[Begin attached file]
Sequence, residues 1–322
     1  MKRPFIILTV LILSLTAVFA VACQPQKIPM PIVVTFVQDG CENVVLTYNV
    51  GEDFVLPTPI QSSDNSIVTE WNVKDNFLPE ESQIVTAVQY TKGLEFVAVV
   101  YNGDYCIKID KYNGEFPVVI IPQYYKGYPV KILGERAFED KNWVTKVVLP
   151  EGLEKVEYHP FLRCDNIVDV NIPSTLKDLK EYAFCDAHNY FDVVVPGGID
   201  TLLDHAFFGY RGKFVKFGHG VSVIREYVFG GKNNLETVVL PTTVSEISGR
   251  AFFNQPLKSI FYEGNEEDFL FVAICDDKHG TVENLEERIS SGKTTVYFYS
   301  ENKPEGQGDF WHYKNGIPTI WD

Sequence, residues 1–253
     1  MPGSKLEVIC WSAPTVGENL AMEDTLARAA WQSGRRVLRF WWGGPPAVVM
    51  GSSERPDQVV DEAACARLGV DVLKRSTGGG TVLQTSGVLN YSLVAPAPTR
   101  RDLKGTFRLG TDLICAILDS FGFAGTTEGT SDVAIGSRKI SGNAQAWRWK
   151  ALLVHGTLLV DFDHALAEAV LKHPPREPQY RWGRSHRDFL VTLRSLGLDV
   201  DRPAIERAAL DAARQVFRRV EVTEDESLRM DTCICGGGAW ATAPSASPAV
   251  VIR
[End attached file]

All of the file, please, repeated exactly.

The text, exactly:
Sequence, residues 1–322
     1  MKRPFIILTV LILSLTAVFA VACQPQKIPM PIVVTFVQDG CENVVLTYNV
    51  GEDFVLPTPI QSSDNSIVTE WNVKDNFLPE ESQIVTAVQY TKGLEFVAVV
   101  YNGDYCIKID KYNGEFPVVI IPQYYKGYPV KILGERAFED KNWVTKVVLP
   151  EGLEKVEYHP FLRCDNIVDV NIPSTLKDLK EYAFCDAHNY FDVVVPGGID
   201  TLLDHAFFGY RGKFVKFGHG VSVIREYVFG GKNNLETVVL PTTVSEISGR
   251  AFFNQPLKSI FYEGNEEDFL FVAICDDKHG TVENLEERIS SGKTTVYFYS
   301  ENKPEGQGDF WHYKNGIPTI WD

Sequence, residues 1–253
     1  MPGSKLEVIC WSAPTVGENL AMEDTLARAA WQSGRRVLRF WWGGPPAVVM
    51  GSSERPDQVV DEAACARLGV DVLKRSTGGG TVLQTSGVLN YSLVAPAPTR
   101  RDLKGTFRLG TDLICAILDS FGFAGTTEGT SDVAIGSRKI SGNAQAWRWK
   151  ALLVHGTLLV DFDHALAEAV LKHPPREPQY RWGRSHRDFL VTLRSLGLDV
   201  DRPAIERAAL DAARQVFRRV EVTEDESLRM DTCICGGGAW ATAPSASPAV
   251  VIR